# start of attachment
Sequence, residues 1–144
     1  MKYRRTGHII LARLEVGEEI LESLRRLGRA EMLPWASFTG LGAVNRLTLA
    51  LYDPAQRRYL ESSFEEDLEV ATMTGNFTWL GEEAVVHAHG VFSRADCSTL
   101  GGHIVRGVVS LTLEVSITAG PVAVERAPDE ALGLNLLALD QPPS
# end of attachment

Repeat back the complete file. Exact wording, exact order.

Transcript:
Sequence, residues 1–144
     1  MKYRRTGHII LARLEVGEEI LESLRRLGRA EMLPWASFTG LGAVNRLTLA
    51  LYDPAQRRYL ESSFEEDLEV ATMTGNFTWL GEEAVVHAHG VFSRADCSTL
   101  GGHIVRGVVS LTLEVSITAG PVAVERAPDE ALGLNLLALD QPPS